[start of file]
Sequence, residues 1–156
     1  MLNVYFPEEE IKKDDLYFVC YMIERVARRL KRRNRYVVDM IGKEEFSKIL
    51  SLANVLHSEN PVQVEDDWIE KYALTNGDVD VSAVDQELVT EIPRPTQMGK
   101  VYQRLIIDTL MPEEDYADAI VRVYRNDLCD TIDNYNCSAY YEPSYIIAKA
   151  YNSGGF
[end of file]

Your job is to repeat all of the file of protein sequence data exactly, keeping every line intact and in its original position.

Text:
Sequence, residues 1–156
     1  MLNVYFPEEE IKKDDLYFVC YMIERVARRL KRRNRYVVDM IGKEEFSKIL
    51  SLANVLHSEN PVQVEDDWIE KYALTNGDVD VSAVDQELVT EIPRPTQMGK
   101  VYQRLIIDTL MPEEDYADAI VRVYRNDLCD TIDNYNCSAY YEPSYIIAKA
   151  YNSGGF